Another tip: look at the meals that serve “family style” seating. Biergarten, in Epcot, is a great place to enjoy an all-you-can-eat meal with groups. We found another good option to be 1900 Park Fare in the Grand Floridian -- they easily seated our party of fourteen. Lady Tremaine made an appearance with her two daughters, and then Cinderella and Prince Charming rounded out the parade of characters.
Which brings us to another hot topic: Character Meals!
Okay, everyone’s got to do one, just to get face time with that favorite mouse or princess. Chef Mickey’s, a buffet eatery in the Contemporary Resort, is a great place to snap photos with breakfast or dinner. There’s also the Crystal Palace or Cinderella’s Royal Table in the Magic Kingdom, and Akershus Royal Banquet Hall in the Norway pavilion at Epcot.
Another tip: be sure to check out the Grand Gathering Experiences. They’re specifically designed for larger groups and include special experiences with a meal or dessert party. There’s a Safari Celebration Dinner, complete with private safari and dining at the Animal Kingdom's Tusker House; International Dinner and Illuminations Dessert Experience in Epcot (includes preferred seating for the evening’s IllumiNations attraction); or a Good Morning Character Breakfast. Details on all of these can be obtained by calling the Grand Gatherings hot line at 407-939-7526.
Okay, lastly, it’s time to tour!
It’s essential to have a plan for each day -- or, in the case of group traveling, several plans. Our first tip? Pick a centralized, easily visible location and announce it as the meet up spot for anyone who loses the party -- and yes, it will happen.
Another tip? Break in to sub-groups. The little kids all want to see Muppets 3D, dads are yelling for Star Tours and some of the older members would rather see the One Man’s Dream attraction. Instead of leap-frogging all over and making people wait, part ways and plan to regroup in front of the Sorcerer’s Hat in an hour. Two-way radios and cell phones are also helpful in keeping a group together.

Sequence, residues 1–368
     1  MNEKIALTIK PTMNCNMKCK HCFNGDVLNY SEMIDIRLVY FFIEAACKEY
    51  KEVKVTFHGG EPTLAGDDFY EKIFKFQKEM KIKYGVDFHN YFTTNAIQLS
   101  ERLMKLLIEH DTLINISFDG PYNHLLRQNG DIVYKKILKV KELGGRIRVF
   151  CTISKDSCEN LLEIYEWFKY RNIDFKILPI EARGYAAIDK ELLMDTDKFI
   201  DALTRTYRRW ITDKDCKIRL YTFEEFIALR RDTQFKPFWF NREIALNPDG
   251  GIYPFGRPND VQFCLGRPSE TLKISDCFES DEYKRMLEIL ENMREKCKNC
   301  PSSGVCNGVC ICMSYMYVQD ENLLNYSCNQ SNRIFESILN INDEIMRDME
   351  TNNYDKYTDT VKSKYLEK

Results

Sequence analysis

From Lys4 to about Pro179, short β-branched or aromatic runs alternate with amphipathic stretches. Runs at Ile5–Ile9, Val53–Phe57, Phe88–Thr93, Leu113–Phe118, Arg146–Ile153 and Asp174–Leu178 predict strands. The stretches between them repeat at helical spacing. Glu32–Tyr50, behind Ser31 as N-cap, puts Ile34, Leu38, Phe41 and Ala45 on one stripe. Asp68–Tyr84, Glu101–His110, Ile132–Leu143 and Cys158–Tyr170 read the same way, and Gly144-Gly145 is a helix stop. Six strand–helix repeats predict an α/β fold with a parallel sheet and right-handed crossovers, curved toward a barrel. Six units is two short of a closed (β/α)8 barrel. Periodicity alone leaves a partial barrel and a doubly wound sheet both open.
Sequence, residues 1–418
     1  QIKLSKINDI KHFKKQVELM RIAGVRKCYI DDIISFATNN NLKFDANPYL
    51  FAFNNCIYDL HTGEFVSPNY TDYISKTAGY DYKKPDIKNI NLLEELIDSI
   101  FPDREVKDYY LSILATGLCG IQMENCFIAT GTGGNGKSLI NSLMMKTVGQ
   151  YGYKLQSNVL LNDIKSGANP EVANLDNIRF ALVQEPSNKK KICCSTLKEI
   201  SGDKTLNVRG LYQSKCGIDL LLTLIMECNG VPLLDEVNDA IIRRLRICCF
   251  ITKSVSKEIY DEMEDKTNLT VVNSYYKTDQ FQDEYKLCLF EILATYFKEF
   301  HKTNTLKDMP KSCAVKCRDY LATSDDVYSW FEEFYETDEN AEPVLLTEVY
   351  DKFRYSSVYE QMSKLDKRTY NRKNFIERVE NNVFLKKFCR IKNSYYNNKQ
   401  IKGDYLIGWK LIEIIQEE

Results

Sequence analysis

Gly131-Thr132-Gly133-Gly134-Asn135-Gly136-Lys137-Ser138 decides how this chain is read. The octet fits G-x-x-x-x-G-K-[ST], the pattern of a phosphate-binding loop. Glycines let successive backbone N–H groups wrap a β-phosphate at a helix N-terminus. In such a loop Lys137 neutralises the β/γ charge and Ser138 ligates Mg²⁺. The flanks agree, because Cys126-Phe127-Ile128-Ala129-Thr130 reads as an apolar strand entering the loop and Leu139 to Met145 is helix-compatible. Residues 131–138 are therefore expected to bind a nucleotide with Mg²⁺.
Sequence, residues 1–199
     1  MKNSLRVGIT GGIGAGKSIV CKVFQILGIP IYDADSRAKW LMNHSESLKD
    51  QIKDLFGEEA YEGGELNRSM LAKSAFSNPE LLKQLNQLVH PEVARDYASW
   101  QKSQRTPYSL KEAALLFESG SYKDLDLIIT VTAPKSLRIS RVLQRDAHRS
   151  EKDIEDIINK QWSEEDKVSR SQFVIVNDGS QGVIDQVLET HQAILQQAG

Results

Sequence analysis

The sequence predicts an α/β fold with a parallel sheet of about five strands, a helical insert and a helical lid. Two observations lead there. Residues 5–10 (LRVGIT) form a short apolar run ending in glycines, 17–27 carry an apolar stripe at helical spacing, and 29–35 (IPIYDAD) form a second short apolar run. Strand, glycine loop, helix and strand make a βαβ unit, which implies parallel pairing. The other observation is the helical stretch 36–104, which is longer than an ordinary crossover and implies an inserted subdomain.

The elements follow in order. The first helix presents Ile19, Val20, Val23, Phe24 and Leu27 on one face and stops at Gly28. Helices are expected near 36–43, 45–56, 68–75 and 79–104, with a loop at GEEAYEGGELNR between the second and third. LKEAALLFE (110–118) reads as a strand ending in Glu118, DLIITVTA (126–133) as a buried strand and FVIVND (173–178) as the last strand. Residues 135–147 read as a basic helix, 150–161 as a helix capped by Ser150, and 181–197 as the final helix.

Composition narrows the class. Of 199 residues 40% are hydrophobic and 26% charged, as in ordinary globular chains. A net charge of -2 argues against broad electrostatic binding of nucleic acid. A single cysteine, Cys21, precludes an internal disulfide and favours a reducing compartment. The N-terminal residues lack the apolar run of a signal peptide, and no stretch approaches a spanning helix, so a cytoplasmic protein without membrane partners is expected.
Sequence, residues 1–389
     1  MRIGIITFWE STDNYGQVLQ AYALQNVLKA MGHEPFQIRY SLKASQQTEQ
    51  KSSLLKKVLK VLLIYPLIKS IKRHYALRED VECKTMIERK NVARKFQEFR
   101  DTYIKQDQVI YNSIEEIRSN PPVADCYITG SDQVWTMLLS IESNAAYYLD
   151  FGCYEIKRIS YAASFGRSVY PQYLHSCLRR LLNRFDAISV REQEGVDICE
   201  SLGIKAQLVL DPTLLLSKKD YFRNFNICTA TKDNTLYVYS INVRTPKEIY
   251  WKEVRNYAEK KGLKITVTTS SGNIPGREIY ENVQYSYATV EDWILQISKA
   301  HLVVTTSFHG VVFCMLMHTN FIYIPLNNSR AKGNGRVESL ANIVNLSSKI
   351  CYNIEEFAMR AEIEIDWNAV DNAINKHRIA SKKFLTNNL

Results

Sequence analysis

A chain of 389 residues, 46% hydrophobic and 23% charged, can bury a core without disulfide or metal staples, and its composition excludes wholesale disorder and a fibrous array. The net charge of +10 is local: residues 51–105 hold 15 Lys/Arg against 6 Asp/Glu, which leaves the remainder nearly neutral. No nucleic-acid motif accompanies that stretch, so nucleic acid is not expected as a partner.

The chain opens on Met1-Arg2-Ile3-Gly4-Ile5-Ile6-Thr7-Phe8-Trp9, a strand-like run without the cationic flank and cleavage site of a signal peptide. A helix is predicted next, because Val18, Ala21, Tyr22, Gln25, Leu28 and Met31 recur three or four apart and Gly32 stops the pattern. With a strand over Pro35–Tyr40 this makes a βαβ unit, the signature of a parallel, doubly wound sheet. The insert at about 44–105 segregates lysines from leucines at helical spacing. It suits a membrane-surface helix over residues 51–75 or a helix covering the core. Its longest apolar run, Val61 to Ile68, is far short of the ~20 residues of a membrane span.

Another great sub-group strategy? Breaking down early-in-the-day activities. Our friends Jenn and Jason liked to skip breakfast so they could hit the parks running , then break for lunch and a nap before their evening plans. Jimmy and his wife Candace took a different approach: they chose to eat a slightly-later breakfast, tour straight through the day, then eat an early dinner and get back to the hotel at a reasonable hour for relaxing, thereby avoiding the opening and closing rushes. We fell somewhere in the middle and hit serendipity: four hours between Jim and Candace’s breakfast but before Jenn and Jason left for lunch were perfect for the kids to spend time together.
Our next trip, in December 2010, is in the planning stages. It will, of course, include my mother -- I think she had as much fun as my boys the last time around. And my mother-in-law and father-in-law, who wouldn’t miss the chance to see all their collective grandchildren in the Happiest Place on Earth, because we’ll be joined by Mike’s brother Ben and his family, Mike’s sister Becky and her family, and Mike’s brother Andrew, plus Mike‘s stepbrother John and his kids. Oh, and of course Jenn and Jason and their kids because now that we’ve visited Walt Disney World with them, my kids won’t have it any other way (truthfully, neither would I). Jenn’s parents, who are like extended family to us, too, are in.
“Twenty-six,” I told Mike, tallying it up. “Twenty-six people. Eight men, seven women, four princesses and seven princes. It‘s eighteen months away, so we‘d better start planning.”
He blinked at me. “Good luck.”
I love a challenge.
Updated 10/08/2009 - Article #301
by PassPorter Travel Press, an imprint of MediaMarx, Inc.